As dematerialized payments expand, so does the crime attached to it.
January 11, 2018
Our societies, as their financial systems become more modern, integrated and secured, have become safer. Have they really? The relative calm which societies which make ever less use of cash seem to enjoy may be deceptive. As dematerialized payments expand, so does the crime attached to it.
Our societies are slowly resorting to payment systems other than cash, as they become more and more available and know to the general public. From cash, we have moved to debit card payments, smartphone payments, NFC and RFID payment chips, etc. Sweden is the most advanced country in this revolution, to the point that citizens are no longer interested in using cash and many shops simply don’t accept it any more. Hazel Sheffield reported for the Independent that “the declining use of cash in Sweden means that this is more of a burning issue for us than for most other central banks,” said Cecilia Skingsley, deputy governor of the Riksbank, Sweden’s central bank. The amount of notes and coins in circulation in Sweden has fallen by 40 per cent since 2009, driven in part by the decision to eliminate the country’s largest denomination bill.” And Britain may well be close in the wake. The UK Cards Association publishes monthly figures (1) on the rise: “There are a total of 108.4m contactless cards in issue in the UK. These cards are split between debit (72.6m) and credit / charge cards (35.8m). This is an increase of 0.9% on the previous month and 20.6% over the year”, in last April. So money is ever less in our wallets, and ever more in the virtual world. But, if this social and economic revolution has greatly changed money theft as we know it, it hasn’t suppressed it : the crime simply adapted to the new environment.
Simply because citizens carry and own less and less cash, criminals have been finding new ways to grab other people’s money, wherever - and it whatever form - it may be, resulting in a great surge in fraud statistics. Security expert Al Pascual assesses (2): “Card-not-present fraud — transactions made online or via phone where the cardholder does not need to present the physical card to complete the purchase — jumped the most, increasing 40 percent compared to 2015. Account takeover fraud — where thieves used stolen login information to access a consumer's accounts — rose 31 percent, and instances where fraudsters opened new accounts in a consumer's name were up 20 percent. In all, thieves stole $16 billion— nearly $1 billion more than in 2015.” In the United States, over 15 million people were the victim of this new form of theft, just last year. In the United Kingdom alone, card fraud (including card details, when the card has not been physically been taken from the owner), jumped almost 20% last year.
There are two main ramifications to this new kind of theft. The first is that because the money is attached to a person’s identity (and not simply placed in a wallet or a pocket) stealing the money implies stealing the person’s identity too, to some extent. While it may be limited in some cases to cracking a code, in other cases the consequences can be far greater than in a simple pickpocketing case. Amy Krebs testified on behalf of her own identity theft experience as a victim (3) for Forbes: “I couldn’t get to two of my reports because she had infiltrated my credit history to the point that her information overrode mine. I can’t even tell you what that felt like — like someone had taken over my life.” A form of personal trauma we will all unfortunately need to prepare for, and become used to, in the new cashless era.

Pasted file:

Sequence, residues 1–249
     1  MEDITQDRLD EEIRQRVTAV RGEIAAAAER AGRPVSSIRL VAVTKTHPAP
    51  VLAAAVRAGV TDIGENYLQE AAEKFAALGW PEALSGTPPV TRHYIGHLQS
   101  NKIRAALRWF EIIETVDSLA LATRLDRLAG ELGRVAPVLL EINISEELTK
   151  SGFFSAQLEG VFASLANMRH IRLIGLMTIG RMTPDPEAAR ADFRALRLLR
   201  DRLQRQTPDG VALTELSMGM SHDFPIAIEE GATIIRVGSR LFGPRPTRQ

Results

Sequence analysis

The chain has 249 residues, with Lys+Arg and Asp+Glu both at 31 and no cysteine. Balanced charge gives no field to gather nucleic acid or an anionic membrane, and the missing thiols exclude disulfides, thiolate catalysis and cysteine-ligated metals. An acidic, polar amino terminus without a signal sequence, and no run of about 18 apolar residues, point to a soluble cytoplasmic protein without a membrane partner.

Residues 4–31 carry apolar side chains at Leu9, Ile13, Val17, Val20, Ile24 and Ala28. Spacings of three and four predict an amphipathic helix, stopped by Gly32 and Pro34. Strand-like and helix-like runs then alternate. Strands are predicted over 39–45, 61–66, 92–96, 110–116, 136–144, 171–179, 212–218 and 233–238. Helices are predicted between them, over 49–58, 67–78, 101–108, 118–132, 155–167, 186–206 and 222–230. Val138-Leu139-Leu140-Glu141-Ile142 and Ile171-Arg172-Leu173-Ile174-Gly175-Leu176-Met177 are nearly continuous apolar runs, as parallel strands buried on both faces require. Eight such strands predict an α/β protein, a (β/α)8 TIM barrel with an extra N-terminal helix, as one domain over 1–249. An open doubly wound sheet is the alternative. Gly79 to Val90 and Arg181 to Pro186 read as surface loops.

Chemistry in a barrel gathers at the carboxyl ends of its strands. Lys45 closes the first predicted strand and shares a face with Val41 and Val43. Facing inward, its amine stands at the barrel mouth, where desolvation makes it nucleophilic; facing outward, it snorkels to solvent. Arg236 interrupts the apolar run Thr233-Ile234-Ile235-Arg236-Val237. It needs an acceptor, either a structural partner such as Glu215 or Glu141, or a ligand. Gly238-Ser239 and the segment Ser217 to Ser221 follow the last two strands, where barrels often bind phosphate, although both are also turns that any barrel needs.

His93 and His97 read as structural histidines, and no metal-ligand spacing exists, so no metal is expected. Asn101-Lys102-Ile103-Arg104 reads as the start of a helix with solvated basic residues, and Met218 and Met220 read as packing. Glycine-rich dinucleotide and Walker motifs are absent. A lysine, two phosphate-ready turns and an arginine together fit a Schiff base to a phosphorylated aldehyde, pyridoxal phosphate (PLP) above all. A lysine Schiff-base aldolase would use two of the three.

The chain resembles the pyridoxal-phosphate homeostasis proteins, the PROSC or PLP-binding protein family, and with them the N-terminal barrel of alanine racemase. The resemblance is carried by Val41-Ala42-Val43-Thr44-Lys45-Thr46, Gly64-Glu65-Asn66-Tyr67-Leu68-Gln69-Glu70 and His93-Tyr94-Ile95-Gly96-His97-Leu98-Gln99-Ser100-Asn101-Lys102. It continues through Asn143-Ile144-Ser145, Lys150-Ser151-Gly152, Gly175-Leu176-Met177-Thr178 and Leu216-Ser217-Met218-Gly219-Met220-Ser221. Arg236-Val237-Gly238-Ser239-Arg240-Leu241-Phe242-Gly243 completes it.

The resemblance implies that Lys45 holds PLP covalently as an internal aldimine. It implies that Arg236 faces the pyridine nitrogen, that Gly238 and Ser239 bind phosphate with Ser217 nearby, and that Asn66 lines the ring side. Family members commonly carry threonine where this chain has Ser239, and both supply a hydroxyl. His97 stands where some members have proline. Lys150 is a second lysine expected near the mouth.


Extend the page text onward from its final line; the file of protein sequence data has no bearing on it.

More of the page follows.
The second is the loss of synchronicity between the fact of theft and its assessment. Because cash is less present in its physical form, its theft has joined the virtual world where its identification is much longer to occur. Some businesses have even suffered frauds which when undetected for months or years, before realizing money was missing. Because fraud is discrete by nature, it can remain undetected for long, as fraud-fighting expert Patricia Schaefer warns (4): “Employee theft -- pilfering, larceny and embezzlement to name a few -- comes under the umbrella of what is considered fraud. However, the result is the same: businesses suffer a loss because an employee unlawfully takes something from an employer. On average, it takes 18 months for an employer to catch an employee who is stealing. Most employee theft comes to the attention of the employer either by another employee or is revealed by accident.” This implies, naturally, an increased magnitude of the theft, compared to what is simply in the holder’s wallet.
Credit must be given where credit is due: while cash theft had a small fraction to it which was tainted with physical violence, it will likely decline along with the proportion of cash in our daily lives. However, as financial crime becomes virtual and no longer physical, it expands. Why skim a few hundred pounds on an account when you can skim millions of, with no additional risk? Why risk getting caught mugging the neighbor, when you can fleece him discretely of everything he owns over the course of a few months? A new jigsaw, which law enforcement officers will have to get working on very soon.